roads, will decline from just under 60 per cent of the current total desert area to just
over 30 per cent by 2050.

“Species such as desert bighorn sheep, the Asian Houbara bustard and California
desert tortoise, that are sensitive to fragmentation of habitat or poaching, induced by
increased access to areas previously not accessible to people, will be affected
significantly by this change,” says the report.

New Industries from Aquaculture to Tourism
Rising numbers of people are attracted to deserts for hiking, fishing and to view
cultural artifacts.

Countries are recognizing this and the number of desert-based conservation areas
including National Parks is set to climb.

Popular sites include Joshua Tree National Park in North America, St Catherine’s
Monastery in Sinai and Uluru (Ayers Rock) in Australia.

A series of large transboundary parks are being negotiated in southwestern Africa
which should offer new levels of protection to the entire coastal Namib desert.

Some deserts areas—Arizona and the Negev-- are capitalizing on the low costs of
land, mild winter temperatures and in some cases the availability of ‘brackish’ water
that may be too salty for plant crops to farm crustaceans and fish.

Raised in closed systems that prevent evaporation, such farming can be more water-
efficient than crop production.

Micro algae called Haematococcus that produce a reddish pigment are also being
grown in deserts, sometimes in long thin glass tubes.

The pigment, an antioxidant, is sold as a health product. It reputedly strengthens the
immune system, slows skin ageing and alleviates muscle fatigue.

“The pharmaceutical potential of desert plants has yet to be tapped,” says the report.

Desert plants, from countries like China and India, are being exported for herbal
treatments and medicines to places like Germany. The report expects this trade will

Meanwhile, scientists are also screening desert plants for promising medicinal
compounds. Some, found in the Negev, are known to hold anti-cancer and anti-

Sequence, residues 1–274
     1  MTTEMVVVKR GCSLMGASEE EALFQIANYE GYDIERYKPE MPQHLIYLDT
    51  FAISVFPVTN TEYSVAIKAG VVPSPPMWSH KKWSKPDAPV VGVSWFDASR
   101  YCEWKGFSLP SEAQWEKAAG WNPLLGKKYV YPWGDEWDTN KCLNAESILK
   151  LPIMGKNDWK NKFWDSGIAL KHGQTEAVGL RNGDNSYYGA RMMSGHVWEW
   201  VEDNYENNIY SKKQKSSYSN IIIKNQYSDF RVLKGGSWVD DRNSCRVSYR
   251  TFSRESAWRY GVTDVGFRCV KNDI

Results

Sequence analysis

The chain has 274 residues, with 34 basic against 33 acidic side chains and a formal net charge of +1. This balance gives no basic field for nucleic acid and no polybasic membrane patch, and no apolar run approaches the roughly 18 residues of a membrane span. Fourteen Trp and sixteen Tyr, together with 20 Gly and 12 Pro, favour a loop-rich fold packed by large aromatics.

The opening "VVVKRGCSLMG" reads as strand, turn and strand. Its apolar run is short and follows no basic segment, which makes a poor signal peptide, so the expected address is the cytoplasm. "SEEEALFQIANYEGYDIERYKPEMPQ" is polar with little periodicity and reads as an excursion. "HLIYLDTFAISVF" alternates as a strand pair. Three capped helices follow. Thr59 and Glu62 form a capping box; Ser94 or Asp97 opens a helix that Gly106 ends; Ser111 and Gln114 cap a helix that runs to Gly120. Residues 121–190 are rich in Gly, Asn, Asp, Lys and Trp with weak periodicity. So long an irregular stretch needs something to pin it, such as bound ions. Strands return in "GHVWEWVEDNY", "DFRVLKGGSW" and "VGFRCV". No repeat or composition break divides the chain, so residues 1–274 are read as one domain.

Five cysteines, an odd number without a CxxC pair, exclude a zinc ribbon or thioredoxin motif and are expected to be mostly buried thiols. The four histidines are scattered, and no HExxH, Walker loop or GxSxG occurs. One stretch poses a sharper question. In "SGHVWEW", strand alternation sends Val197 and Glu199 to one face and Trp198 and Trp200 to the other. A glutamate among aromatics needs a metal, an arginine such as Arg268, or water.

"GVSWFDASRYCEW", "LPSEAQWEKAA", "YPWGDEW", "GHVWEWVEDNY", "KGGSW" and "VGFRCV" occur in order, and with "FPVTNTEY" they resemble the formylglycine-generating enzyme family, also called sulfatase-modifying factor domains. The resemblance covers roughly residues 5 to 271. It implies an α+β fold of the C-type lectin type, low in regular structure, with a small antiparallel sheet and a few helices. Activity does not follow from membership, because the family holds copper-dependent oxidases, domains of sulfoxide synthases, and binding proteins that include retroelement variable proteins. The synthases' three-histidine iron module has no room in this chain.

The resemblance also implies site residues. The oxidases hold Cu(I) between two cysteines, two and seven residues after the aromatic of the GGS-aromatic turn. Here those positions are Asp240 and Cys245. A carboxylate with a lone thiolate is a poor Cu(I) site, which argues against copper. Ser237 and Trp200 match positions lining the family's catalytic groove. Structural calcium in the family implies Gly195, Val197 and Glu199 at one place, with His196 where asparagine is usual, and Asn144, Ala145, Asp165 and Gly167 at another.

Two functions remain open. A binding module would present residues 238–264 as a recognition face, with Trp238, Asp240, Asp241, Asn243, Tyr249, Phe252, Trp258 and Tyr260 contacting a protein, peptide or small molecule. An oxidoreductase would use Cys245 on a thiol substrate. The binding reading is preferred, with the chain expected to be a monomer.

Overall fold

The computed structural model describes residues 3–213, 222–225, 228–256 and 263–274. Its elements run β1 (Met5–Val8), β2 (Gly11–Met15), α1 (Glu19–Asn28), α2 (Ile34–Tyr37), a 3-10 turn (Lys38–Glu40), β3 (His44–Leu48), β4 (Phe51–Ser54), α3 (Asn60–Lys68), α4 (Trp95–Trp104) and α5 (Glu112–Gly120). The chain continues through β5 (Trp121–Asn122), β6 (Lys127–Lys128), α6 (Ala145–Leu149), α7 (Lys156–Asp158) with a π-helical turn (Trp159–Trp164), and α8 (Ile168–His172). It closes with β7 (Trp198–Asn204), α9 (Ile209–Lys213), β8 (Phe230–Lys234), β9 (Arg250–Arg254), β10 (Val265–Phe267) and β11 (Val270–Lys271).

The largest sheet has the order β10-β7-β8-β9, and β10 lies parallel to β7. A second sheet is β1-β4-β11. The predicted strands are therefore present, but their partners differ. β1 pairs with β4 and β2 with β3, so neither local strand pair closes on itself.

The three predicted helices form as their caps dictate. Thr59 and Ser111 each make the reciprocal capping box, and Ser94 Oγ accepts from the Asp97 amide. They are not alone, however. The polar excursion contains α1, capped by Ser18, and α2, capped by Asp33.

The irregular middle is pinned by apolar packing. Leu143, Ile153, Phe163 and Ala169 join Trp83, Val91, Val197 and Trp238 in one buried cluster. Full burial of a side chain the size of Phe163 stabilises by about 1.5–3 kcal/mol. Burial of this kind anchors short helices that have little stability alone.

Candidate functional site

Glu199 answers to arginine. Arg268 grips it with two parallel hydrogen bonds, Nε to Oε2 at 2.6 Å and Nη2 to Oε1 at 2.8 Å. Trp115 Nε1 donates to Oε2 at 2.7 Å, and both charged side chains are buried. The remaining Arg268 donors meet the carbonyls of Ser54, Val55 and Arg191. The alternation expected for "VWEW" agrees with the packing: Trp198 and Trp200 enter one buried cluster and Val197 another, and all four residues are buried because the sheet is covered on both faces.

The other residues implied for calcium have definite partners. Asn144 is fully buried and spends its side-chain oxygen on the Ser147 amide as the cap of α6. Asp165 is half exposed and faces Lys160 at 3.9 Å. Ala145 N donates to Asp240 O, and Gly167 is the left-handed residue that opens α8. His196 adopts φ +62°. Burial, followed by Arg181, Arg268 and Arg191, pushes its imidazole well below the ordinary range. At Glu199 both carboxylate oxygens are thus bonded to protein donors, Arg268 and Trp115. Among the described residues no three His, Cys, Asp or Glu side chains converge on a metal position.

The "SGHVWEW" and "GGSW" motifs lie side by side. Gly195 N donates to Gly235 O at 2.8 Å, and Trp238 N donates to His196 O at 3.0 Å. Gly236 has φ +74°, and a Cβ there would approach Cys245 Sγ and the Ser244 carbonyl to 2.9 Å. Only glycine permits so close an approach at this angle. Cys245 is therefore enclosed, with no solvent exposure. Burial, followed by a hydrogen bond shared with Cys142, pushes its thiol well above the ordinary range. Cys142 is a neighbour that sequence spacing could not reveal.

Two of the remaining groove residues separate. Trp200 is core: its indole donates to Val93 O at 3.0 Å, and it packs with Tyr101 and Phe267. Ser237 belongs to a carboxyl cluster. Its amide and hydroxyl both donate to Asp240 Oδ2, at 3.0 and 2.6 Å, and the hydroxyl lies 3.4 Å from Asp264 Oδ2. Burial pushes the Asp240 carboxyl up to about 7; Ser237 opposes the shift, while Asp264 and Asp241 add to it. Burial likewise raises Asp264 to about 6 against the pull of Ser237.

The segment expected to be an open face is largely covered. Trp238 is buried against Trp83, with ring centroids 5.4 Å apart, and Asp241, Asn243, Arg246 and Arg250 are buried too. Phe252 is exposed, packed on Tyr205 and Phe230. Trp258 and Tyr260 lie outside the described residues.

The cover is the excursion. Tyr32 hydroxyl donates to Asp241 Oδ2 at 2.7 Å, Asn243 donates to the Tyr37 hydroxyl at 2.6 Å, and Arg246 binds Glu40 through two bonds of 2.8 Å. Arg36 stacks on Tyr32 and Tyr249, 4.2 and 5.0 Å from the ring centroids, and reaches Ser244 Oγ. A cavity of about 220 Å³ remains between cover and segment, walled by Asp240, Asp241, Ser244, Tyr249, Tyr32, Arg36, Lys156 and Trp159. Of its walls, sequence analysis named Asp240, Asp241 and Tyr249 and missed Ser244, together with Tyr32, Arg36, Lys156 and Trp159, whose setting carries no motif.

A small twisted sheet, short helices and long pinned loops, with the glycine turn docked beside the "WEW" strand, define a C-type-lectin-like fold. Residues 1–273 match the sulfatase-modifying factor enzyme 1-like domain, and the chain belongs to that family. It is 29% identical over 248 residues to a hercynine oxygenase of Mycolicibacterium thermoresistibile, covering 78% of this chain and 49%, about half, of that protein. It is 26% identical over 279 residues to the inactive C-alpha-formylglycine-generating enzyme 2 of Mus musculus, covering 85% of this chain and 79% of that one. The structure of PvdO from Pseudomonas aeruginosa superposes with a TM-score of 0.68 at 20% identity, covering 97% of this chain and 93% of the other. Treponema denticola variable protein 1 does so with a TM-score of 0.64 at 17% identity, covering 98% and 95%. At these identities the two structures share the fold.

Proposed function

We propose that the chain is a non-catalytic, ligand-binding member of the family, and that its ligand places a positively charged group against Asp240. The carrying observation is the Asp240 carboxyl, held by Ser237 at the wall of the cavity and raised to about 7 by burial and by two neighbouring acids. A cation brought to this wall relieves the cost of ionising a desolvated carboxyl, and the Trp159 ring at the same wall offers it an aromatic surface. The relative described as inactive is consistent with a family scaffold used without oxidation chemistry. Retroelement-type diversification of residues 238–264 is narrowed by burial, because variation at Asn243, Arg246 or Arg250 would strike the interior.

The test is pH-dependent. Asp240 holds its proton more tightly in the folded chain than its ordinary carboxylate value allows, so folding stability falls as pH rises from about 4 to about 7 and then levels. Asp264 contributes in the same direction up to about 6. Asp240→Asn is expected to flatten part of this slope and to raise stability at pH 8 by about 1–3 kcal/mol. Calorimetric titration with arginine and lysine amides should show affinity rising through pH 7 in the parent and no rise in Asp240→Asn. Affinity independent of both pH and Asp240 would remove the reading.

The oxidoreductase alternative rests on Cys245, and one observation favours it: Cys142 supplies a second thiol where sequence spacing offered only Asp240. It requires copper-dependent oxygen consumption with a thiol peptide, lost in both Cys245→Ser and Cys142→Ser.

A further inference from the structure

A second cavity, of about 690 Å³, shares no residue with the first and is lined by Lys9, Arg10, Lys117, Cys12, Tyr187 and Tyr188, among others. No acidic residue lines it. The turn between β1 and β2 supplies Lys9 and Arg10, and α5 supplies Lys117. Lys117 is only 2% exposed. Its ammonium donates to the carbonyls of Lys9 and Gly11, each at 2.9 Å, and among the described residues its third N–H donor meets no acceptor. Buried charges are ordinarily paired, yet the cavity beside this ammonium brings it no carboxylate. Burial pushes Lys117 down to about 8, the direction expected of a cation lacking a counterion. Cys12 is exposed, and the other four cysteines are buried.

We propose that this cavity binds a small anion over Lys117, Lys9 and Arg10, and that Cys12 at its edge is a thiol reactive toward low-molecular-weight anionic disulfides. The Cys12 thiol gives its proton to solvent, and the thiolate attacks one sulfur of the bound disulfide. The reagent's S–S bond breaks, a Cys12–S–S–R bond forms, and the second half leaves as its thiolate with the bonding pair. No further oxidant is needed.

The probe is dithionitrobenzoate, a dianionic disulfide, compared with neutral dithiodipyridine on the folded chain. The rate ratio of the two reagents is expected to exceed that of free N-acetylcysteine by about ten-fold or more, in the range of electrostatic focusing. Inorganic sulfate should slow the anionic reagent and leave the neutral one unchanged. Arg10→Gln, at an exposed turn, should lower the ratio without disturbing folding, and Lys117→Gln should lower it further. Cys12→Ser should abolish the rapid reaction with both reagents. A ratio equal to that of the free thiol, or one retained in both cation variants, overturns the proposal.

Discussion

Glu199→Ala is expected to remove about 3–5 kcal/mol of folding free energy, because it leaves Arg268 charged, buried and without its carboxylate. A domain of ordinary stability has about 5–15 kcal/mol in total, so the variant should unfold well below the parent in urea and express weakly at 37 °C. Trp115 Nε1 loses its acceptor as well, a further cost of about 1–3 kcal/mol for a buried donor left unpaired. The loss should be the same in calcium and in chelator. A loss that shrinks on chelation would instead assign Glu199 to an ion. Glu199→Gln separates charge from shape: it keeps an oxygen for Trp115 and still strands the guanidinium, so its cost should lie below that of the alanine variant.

malarial substances.

Others, from the deserts of Argentina, Arizona and Morocco,are effective against
diseases like uterine cancer and infectious diseases. Essential oils from two plants
found in the deserts of Morocco appear to enhance the growth and the efficiency of
feed conversion in poultry.

Compounds from Hoodia gordonii, a dryland plant from the Kalahari Desert, are
being marketed as an appetite suppressant.

Notes to Editors
Global Deserts Outlook has been produced by UNEP’s Division of Early Warning
and Assessment and is the latest in its series of Global Environment Outlooks

The full Global Deserts Outlook will be available under embargo from 2 June and on
5 June at www.unep.org and www.grida.no.

World Environment Day is celebrated around the world annually on 5 June. This
year’s main host city is Algiers, Algeria. Please go to
http://www.unep.org/wed/2006/english/ where there are also other language versions
of the site and related materials.

For More Information Please Contact Nick Nuttall, UNEP Spokesperson, Office of
the Executive Director, on Tel: 254 20 7623084, Mobile: 254 (0) 733 632755, or
when traveling 41 79 596 57 37, e-mail: nick.nuttall@unep.org

Elisabeth Waechter, UNEP Associate Media Officer, on Tel: 254 20 7623088,
Mobile: 254 720 173968, e-mail: elisabeth.waechter@unep.org
UNEP News Release